Animal agriculture is an extremely cruel, inefficient, and resource-intensive way to produce food for the growing human population.
It pollutes our environment while consuming huge quantities of water, grain, petroleum, and pesticides. It also subjects animals to extreme confinement, mutilations without painkillers, and ruthless slaughter.
But industrial animal farms aren’t just awful for animals and the planet; they’re also a serious public health and environmental justice issue for nearby communities.
People living near factory farms have complained that farmers spray feces and urine into the air to "dispose of" the waste.
The Natural Resources Defense Council states:
People who live near or work at factory farms breathe in hundreds of gases, which are formed as manure decomposes. For instance, one gas released by the lagoons, hydrogen sulfide, is dangerous even at low levels. Its effects—which are irreversible—range from sore throat to seizures, comas and even death.
More often than not, these facilities are built near low-income communities and communities of color.
Last summer the Environmental Working Group released a collection of maps and data revealing that the environmental cost of North Carolina’s 6,500 factory farms disproportionately affects vulnerable communities.
Civil Eats explains:
The maps make clear that the highest density of CAFOs exists in low-income communities of color. Duplin and Sampson counties, where 28 to 29 percent of residents live in poverty and a high proportion of residents are Black or Latino, host not only the largest numbers of CAFOs in North Carolina, but in the entire country. The 4.5 million hogs between the two counties produce 4 billion gallons of wet waste a year, which makes up 40 percent of the state total.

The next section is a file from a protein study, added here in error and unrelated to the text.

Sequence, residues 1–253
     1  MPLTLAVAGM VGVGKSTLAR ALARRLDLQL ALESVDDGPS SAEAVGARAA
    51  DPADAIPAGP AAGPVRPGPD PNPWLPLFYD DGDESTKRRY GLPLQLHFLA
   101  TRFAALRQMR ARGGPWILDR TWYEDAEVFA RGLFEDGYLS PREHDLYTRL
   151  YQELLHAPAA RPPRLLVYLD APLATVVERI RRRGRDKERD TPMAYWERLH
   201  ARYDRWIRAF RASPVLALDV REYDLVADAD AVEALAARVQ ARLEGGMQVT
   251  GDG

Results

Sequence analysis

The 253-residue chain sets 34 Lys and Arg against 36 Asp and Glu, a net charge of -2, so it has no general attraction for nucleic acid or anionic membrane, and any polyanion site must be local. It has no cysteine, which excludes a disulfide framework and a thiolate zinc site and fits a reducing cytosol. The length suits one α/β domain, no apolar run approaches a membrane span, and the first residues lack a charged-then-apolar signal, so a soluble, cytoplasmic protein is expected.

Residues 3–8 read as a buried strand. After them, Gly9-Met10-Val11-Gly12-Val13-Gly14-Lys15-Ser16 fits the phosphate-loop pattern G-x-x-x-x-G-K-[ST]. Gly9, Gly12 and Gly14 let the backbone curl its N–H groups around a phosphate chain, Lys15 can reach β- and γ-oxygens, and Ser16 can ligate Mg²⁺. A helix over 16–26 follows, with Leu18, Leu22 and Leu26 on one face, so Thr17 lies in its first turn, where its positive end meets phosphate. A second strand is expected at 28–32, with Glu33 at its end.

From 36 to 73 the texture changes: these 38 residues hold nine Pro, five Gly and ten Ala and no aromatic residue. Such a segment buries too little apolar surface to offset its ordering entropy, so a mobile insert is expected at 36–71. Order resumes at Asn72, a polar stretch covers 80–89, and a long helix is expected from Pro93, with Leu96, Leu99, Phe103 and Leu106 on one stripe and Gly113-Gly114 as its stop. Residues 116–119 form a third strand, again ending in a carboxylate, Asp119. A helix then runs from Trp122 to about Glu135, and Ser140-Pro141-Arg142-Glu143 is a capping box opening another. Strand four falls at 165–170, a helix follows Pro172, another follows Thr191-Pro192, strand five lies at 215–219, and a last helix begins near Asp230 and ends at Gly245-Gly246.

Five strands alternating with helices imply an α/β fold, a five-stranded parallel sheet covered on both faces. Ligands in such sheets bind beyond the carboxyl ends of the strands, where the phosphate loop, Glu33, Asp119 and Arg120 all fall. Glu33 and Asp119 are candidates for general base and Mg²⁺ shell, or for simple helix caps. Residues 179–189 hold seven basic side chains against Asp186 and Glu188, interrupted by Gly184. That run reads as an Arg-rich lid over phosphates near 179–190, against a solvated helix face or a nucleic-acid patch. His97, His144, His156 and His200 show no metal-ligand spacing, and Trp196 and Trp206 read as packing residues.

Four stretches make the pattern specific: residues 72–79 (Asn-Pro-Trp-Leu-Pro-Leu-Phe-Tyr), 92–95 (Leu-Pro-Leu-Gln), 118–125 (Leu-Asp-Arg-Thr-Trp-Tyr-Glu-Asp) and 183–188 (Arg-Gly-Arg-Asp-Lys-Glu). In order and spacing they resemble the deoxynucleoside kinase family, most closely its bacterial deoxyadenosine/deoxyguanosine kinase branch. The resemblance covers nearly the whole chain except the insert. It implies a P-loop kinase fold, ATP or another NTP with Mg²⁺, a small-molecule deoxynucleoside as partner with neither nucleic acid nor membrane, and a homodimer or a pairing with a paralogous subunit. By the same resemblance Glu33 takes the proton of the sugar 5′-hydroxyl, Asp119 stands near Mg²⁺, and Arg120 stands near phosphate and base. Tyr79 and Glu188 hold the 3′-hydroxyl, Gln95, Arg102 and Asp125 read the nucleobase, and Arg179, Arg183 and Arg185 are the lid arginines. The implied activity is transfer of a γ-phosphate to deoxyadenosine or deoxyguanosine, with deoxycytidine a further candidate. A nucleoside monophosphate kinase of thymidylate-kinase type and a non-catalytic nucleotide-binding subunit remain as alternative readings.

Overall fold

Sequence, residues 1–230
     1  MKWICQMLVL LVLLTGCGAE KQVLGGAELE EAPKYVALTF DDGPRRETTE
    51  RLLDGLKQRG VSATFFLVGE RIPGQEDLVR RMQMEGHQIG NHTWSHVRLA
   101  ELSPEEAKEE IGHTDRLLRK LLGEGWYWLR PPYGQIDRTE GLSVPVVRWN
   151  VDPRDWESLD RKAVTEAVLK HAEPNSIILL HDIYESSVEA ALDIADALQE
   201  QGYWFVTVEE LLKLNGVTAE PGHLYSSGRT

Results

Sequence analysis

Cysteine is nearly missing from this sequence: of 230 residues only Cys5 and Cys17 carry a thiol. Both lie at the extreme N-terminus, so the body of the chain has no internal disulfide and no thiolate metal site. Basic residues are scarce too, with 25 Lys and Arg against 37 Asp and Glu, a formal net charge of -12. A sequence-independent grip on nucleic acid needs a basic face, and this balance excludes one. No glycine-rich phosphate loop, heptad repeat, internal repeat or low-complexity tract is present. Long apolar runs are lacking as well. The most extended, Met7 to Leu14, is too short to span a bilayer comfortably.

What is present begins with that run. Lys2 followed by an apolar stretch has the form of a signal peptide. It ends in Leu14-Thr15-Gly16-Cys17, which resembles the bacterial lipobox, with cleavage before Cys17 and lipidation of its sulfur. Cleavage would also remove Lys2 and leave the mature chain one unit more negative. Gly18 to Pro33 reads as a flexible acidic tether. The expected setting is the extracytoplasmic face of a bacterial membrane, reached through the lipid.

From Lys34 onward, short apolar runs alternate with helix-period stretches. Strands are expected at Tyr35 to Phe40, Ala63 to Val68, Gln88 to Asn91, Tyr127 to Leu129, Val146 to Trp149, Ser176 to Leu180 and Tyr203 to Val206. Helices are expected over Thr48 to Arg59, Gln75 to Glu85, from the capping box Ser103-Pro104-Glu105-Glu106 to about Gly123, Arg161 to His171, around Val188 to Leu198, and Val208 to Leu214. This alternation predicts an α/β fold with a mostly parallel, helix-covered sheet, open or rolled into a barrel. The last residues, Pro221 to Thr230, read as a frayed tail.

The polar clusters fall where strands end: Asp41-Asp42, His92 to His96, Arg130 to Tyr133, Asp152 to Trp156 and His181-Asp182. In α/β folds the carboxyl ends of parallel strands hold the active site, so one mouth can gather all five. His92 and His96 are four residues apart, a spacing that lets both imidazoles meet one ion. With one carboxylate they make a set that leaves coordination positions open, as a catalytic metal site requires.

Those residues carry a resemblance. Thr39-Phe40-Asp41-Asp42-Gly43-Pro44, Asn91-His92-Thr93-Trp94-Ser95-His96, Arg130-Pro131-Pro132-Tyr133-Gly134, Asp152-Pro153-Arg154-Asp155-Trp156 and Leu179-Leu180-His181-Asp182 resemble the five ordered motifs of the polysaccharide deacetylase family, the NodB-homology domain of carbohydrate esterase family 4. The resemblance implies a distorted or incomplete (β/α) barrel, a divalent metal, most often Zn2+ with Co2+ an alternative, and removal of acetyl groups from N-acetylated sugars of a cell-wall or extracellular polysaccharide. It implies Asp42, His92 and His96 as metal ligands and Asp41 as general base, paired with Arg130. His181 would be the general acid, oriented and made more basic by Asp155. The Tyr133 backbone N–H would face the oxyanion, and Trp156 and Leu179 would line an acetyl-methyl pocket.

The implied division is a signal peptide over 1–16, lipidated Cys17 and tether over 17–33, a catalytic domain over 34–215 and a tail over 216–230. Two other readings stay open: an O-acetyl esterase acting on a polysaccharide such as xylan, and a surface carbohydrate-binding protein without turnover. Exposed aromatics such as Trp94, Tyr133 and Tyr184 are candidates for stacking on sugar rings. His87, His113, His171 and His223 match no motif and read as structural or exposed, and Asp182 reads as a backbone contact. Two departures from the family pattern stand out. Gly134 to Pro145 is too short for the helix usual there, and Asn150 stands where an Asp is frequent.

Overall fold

But this isn’t anything new.
In 2015, 500 residents in eastern North Carolina filed suit against the pork production arm of Smithfield Foods, which they claim has subjected them to nearly unlivable conditions.
In 2014, a coalition of environmental organizations filed a complaint with the Environmental Protection Agency Office of Civil Rights, arguing that North Carolina’s lax regulations for disposing of hog waste discriminate against communities of color.
In 2005, the Iowa Policy Project found that the highest-poverty areas in North Carolina had more than seven times as many hog farms as affluent communities. And communities of color had five times as many hog farms as predominately white areas.
A study published in 2002 in the peer-reviewed Environmental Health Perspectives journal examined 67 factory farms in Mississippi and found that the majority were located in low-income areas and areas with a high percentage of Black Americans.
While the grave consequences of factory farming are vast, we all have the power to create a better world every time we sit down to eat.
By choosing delicious vegan foods, we can stand up for vulnerable communities who suffer discrimination, spare countless animals a lifetime of misery, and stop wasting resources.
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